Competition in the “Beat the Dean” pushup competition at Mount Sinai Hospital was fierce yesterday. The event was part of Prostate Awareness Month.  Photo by Ugonma Ubani-Ebere

 

Dennis Charney, 64, was in a plank position, bending his arms and lowering his body over and over. It was a push up competition and he was the man to be beat. The crowd clapped, cheered and yelled for more. His legs shook and his arms quivered, but he pushed himself up once more before collapsing. The number to beat was 106 if you wanted to “Beat the Dean” the name of this unorthodox Prostate Cancer Awareness Month event yesterday at Mount Sinai Hospital on the Upper East Side.

Charney is the Dean of Icahn School of Medicine at Mount Sinai Hospital, and while others tried to beat his number, faculty and students promoted awareness of the diseases.

“In men, prostate cancer is the most common cancer,” he said. “As you get older, the risk of developing prostate cancer is 1in 6. So one of the messages at this event is for men to get their prostate checked at the age of risk, to ensure they don’t have cancer.”

More than 30 men and women lined up to participate in the free competition to beat Charney. Some men flexed their muscles as they challenged their friends. Others just wanted to give it their best shot.

Torrence Wilson, 39, from the Bronx, was pushed by his coworkers to participate. The event was as an eye opener for him to get ready for prostate cancer testing.

“I haven’t been checked for prostate cancer yet”, said Wilson. “But trust me, my physician reminded me that I am turning 40 next year, and that the time is coming. Am I nervous? Yes, and I’m not looking forward to it.”

Faculty and volunteers smiled and mingled as they passed out fliers and gifts to guest and visitors. While some participated in the competition, others informed guests about prostate cancer, and what they or a loved one could do to prevent it.

Jillian Capodice, 38, a faculty member at the Department of Urology, stood by her table greeting and educating guests wanting more information on preventing prostate cancer.

Jillian Capodice, 38, a faculty member at the Department of Urology, stood by her table greeting guests and giving information on prostate cancer prevention. Capodice's goal was to educate men on keeping and maintaining a healthy life. Photo by Ugonma Ubani-Ebere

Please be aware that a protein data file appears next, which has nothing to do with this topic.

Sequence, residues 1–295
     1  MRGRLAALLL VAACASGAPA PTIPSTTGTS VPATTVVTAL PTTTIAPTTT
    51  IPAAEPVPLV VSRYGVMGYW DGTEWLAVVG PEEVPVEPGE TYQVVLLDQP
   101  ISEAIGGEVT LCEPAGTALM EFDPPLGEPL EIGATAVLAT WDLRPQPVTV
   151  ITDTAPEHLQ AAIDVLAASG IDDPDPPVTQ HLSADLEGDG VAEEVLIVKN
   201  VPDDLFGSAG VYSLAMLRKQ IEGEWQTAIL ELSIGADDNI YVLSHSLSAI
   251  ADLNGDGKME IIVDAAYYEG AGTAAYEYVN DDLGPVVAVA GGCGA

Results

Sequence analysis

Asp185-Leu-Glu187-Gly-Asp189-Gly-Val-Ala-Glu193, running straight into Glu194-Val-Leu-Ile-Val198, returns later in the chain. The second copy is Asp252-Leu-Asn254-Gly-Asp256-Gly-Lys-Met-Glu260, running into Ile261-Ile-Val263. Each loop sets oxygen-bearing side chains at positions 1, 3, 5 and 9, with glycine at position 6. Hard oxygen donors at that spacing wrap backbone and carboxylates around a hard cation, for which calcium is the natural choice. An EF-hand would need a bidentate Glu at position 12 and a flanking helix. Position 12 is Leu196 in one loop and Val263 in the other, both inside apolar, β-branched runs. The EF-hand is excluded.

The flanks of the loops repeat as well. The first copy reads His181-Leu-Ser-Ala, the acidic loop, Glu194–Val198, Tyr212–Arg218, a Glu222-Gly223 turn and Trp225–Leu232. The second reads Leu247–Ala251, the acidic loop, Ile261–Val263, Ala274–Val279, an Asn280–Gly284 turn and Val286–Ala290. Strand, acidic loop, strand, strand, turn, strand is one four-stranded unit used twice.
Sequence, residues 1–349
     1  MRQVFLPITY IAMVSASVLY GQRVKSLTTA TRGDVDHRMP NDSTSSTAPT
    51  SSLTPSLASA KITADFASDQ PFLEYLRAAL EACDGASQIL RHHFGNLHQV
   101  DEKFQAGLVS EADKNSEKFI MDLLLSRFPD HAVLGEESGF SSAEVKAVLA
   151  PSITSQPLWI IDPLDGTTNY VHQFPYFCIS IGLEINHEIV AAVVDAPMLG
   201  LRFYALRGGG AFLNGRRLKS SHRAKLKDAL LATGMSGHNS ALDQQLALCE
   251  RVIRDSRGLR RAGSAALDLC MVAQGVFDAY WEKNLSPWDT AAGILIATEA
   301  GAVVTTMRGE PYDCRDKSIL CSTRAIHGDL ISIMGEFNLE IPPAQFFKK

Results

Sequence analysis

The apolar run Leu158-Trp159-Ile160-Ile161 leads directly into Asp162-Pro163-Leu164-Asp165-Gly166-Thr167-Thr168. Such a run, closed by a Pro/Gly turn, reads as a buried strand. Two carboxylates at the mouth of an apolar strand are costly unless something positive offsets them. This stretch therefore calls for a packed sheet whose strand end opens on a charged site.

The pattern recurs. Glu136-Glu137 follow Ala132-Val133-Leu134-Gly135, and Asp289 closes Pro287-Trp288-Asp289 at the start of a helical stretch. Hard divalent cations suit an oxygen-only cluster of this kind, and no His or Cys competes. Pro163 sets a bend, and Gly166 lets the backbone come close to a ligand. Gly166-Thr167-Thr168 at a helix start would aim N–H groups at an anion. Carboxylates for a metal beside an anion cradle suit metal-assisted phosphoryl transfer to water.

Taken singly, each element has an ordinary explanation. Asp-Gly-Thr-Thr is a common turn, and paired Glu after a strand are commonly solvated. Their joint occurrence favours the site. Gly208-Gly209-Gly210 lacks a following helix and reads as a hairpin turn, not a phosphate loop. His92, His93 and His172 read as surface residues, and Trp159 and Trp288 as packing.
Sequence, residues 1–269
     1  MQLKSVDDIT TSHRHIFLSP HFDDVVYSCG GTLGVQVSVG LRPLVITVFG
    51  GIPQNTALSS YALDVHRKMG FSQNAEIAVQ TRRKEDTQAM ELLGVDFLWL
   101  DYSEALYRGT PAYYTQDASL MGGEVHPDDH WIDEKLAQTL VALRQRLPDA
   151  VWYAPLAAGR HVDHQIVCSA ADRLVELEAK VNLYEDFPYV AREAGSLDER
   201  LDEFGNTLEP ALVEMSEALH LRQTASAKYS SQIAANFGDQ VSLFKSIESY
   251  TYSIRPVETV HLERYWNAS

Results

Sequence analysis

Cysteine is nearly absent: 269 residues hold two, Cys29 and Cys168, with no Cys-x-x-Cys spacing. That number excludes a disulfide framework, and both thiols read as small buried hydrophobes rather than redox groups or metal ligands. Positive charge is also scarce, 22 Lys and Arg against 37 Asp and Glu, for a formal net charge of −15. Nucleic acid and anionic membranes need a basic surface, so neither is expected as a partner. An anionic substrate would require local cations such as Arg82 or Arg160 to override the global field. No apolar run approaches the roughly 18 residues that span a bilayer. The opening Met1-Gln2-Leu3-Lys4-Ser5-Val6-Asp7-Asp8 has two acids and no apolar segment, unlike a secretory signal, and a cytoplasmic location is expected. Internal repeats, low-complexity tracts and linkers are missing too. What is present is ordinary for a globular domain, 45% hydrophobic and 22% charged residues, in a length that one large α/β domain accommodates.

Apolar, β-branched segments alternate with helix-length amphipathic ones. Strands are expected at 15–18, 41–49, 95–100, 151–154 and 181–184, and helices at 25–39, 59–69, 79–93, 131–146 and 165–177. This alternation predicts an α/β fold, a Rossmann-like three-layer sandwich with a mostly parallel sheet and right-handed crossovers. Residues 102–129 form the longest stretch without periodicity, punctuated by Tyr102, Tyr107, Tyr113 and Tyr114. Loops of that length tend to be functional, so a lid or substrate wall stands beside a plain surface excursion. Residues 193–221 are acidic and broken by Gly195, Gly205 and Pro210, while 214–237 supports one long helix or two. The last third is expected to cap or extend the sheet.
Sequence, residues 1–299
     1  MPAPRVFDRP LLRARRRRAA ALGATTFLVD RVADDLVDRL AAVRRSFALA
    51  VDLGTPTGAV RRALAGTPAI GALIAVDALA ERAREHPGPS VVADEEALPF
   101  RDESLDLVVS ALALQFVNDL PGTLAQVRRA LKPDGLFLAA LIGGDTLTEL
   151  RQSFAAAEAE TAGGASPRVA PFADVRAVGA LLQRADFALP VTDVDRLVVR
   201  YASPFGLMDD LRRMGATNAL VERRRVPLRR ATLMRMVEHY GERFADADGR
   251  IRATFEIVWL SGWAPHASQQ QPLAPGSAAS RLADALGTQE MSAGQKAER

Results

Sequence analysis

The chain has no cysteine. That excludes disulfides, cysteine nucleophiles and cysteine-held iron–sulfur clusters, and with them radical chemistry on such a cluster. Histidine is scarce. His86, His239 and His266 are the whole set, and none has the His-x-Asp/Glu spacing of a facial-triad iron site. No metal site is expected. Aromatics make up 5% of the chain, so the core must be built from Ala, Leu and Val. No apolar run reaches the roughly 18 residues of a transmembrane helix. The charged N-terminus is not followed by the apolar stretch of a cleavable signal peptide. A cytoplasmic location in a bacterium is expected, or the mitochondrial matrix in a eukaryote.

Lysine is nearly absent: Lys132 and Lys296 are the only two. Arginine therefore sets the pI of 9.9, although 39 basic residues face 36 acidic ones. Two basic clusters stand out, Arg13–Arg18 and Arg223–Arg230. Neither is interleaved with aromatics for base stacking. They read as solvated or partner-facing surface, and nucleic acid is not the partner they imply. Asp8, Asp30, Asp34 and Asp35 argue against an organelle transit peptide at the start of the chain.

Jillian Capodice, 38, a faculty member at the Department of Urology, stood by her table greeting guests and giving information on prostate cancer prevention. Capodice’s goal was to educate men on keeping and maintaining a healthy life. Photo by Ugonma Ubani-Ebere

“For prevention, men should start getting screened with a PSA blood test,” she said.  “They should get a rectal exam about the age of 50. If they have a family history or are African American, they should get tested a little younger.”

According to the National Cancer Institute, African-American males are more likely to get prostate cancer, and die from it as well.
A few tables down, Shari Cave, 23, a New Zealand native now living in Manhattan, volunteered by passing out materials and cheering on the competitors. Cave, coming from New Zealand, stressed the importance of not only getting tested, but talking about the issue as well.

“New Zealand has high rates of prostate cancer and bowel cancer”, said Cave. “So I think that the same thing needs to be employed here, by making it a conversation piece so that men aren’t embarrassed to share their experiences, and won’t feel alone.”

As the event rounded up, Dr. Ash Tewari,55, the chairman at the Department of Urology was still lingering around and socializing. Tewari who specializes in researching and treating prostate cancer, stressed the importance of exercise, specifically the importance of pushups.
“Pushups are a symbolism for exercise,” he said. “It is an exercise that can be done anywhere and doesn’t require equipment. Pushups are a method used to increase muscle mass to make men healthy, and that’s why it was the exercise of choice today.”

No one beat Charney’s score, but lots of information was given to help beat prostrate cancer.

”If we don’t bring awareness to prostate cancer, we lose men”, said Tewari. “Every hour we lose about three to four men to prostate cancer.”